Severe congenital neutropenia (ELA2, HAX1, GF11) - This disease is charcterised by persistent severe neutropenia from birth.
X-linked hyper IgM - Patients frequently develop neutropenia (over 60% of patients). This can be chronic and exacerbated by acute infections. Neutropenic patients can develop oral ulcers and gingivitis. Bone marrow biopsy typically reveals a block in maturation at the pro-myelocyte to myelocyte stage.
X-linked agammaglobulinemia - Neutropenia is a finding in 10% of patients at initial presentation (typically in the setting of acute infections). The neutropenia resolves following treatment of the acute infection.
WHIM syndrome - Patients present with neutropenia, hypogammaglobulinemia, and cutaneous warts. This disease is caused by mutations in the chemokine receptor CXCR4. This results in the retention of mature neutrophils in the bone marrow (myelokathexis).
Reticular Dysgenesis - Patients have a T-B-NK- SCID phenotype as well as profound neutropenia. The neutropenia is unresponsive to G-CSF. Patients typically present with a classic SCID phenotype during infancy (FTT, candidiasis, diarrhea, severe viral infections).
WAS (mutations in the Cdc42-binding site) - Mutations in the Cdc42 binding site of the Wiskott-Aldrish syndrome protein can result in a form of X-linked neutropenia. These patients do not have thrombocytopenia, eczema, or humoral/T cell immunodeficiency. WASP protein expression is typically normal.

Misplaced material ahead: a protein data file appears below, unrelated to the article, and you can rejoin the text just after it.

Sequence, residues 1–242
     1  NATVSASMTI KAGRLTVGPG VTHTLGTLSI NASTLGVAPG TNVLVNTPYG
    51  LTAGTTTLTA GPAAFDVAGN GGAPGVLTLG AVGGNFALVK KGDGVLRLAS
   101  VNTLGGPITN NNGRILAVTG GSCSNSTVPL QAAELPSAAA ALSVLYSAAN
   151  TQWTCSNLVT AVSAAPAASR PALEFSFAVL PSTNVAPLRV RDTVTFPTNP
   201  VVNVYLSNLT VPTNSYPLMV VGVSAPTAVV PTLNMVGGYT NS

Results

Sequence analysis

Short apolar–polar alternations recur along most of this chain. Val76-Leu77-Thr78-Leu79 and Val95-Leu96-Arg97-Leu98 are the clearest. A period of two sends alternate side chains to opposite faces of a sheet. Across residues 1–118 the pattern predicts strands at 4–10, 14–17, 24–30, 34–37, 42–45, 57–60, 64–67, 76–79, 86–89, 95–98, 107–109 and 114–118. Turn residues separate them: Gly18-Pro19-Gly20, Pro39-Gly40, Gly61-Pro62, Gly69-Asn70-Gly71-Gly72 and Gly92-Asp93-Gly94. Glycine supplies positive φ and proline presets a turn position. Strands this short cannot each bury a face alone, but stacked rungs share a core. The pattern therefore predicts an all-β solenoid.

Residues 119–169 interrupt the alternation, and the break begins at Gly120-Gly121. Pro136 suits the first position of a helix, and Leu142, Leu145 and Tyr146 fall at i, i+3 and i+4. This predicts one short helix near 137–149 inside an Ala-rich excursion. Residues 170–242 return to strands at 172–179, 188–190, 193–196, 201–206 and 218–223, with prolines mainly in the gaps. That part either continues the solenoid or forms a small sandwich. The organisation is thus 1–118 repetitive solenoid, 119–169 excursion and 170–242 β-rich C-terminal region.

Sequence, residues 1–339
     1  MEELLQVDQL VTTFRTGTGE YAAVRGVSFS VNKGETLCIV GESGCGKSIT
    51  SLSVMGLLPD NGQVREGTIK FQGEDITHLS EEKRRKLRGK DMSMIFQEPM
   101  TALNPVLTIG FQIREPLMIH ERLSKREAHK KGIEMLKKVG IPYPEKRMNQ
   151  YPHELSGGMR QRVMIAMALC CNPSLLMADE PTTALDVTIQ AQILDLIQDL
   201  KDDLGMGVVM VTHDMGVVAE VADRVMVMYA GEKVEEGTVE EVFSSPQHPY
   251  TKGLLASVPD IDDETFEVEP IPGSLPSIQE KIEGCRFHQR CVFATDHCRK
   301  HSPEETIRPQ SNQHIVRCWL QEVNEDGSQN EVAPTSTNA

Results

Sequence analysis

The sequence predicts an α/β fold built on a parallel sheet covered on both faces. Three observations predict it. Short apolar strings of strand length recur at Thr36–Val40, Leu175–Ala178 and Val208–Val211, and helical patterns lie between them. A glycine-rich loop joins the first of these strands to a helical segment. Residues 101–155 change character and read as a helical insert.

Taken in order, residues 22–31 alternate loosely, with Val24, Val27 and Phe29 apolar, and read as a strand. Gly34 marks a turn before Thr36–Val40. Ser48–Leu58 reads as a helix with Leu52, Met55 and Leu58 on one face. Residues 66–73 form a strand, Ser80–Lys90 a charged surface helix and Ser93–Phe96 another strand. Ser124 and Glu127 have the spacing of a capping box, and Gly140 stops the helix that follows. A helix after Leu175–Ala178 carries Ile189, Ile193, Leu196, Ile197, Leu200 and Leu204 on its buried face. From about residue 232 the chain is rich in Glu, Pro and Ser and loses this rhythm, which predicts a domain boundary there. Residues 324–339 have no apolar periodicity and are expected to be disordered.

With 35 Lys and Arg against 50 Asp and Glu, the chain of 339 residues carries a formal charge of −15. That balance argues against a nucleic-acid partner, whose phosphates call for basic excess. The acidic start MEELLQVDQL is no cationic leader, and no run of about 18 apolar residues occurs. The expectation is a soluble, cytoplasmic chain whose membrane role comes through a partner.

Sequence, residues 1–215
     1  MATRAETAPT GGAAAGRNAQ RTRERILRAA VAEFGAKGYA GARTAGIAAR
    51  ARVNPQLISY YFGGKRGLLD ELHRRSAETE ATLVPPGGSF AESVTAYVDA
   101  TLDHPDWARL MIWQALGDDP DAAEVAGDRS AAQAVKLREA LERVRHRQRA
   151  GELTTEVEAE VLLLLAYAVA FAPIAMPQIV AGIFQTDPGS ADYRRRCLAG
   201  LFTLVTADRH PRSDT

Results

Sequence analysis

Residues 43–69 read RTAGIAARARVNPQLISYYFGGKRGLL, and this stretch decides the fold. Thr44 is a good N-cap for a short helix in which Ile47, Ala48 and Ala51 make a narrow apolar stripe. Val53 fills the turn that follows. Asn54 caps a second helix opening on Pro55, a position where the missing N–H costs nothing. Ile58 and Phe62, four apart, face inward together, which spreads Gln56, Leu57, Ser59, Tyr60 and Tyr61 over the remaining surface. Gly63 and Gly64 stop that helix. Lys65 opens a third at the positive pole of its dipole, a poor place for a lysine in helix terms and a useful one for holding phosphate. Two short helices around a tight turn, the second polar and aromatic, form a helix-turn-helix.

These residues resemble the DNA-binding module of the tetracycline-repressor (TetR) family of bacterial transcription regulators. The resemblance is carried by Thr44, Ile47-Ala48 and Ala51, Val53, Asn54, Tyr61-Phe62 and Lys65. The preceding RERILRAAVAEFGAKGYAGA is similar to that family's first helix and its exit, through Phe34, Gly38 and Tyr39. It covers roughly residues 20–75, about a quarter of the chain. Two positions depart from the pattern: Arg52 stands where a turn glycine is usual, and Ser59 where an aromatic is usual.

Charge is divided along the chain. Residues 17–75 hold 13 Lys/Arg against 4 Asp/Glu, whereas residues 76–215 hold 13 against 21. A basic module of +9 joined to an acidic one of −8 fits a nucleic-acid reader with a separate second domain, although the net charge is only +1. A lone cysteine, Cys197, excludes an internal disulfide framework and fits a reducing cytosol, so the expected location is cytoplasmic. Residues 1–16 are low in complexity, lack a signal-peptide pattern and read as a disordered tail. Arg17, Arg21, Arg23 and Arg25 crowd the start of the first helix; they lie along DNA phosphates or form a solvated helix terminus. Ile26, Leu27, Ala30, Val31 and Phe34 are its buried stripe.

Chediak-Higashi syndrome - Patients develop neutropenia which may be the result of intramedullary destruction. Neutrophils also contain giant granules due to defective vesicle transport. Additional disease features include skin hypopigmentation, bleeding disorder, neurologic abnormalities, and an HLH-like “accelerated phase”.
Griscelli syndrome Type 2 - Patients have mild neutropenia and markedly decreased NK cell and T cell cytotoxicity. Unlike CHS, neutrophils do not contain giant granules.
Hermansky-Pudlak Syndrome Type 2 - Patients have chronic neutropenia and markedly decreased NK cell and T cell cytotoxicity. Unlike CHS, neutrophils do not contain giant granules.
Dyskeratosis Congenita - Patients may develop progressive bone marrow failure as a result of defective telomere maintenance. Patients can develop anemia, thrombocytopenia, neutropenia, and combined immunodeficiency.
Schwachman-Diamond syndrome - This disease is characterized by bone marrow failure (with neutropenia), pancreatic insufficiency, and metaphyseal chondrodysplasia.
Fanconi pancytopenia - This is an AR inherited bone marrow failure syndrome that results in anemia and thrombocytopenia. Neutropenia secondary to marrow failure occurs in 95% of patients (T and B cell immunity is normal). Additional features include short stature, radial hypoplasia, microcephaly, renal and genital anomalies, skin hyperpigmentation, mental retardation, and characteristic facial features.
DNA Ligase IV patients have a combined immunodeficiency, growth retardation, and bird-like facies. In addition, pancytopenia from bone marrow failure has been described in some patients.
Glycogen storage disease Ib - Patients present with severe hypoglycemia, lactic acidosis, and hepatomegaly. The majority (87%) of patients develop chronic or intermittent neutropenia.
Transcobalamin II deficiency - Patients develop macrocytic anemia, thrombocytopenia, and neutropenia. Immunologic abnormalities include neutropenia, lymphopenia, hypogammaglobulinemia, and impaired specific antibody responses. Replacement therapy with hydroxycobalamin can reverse the clinical manifestations of this disease. “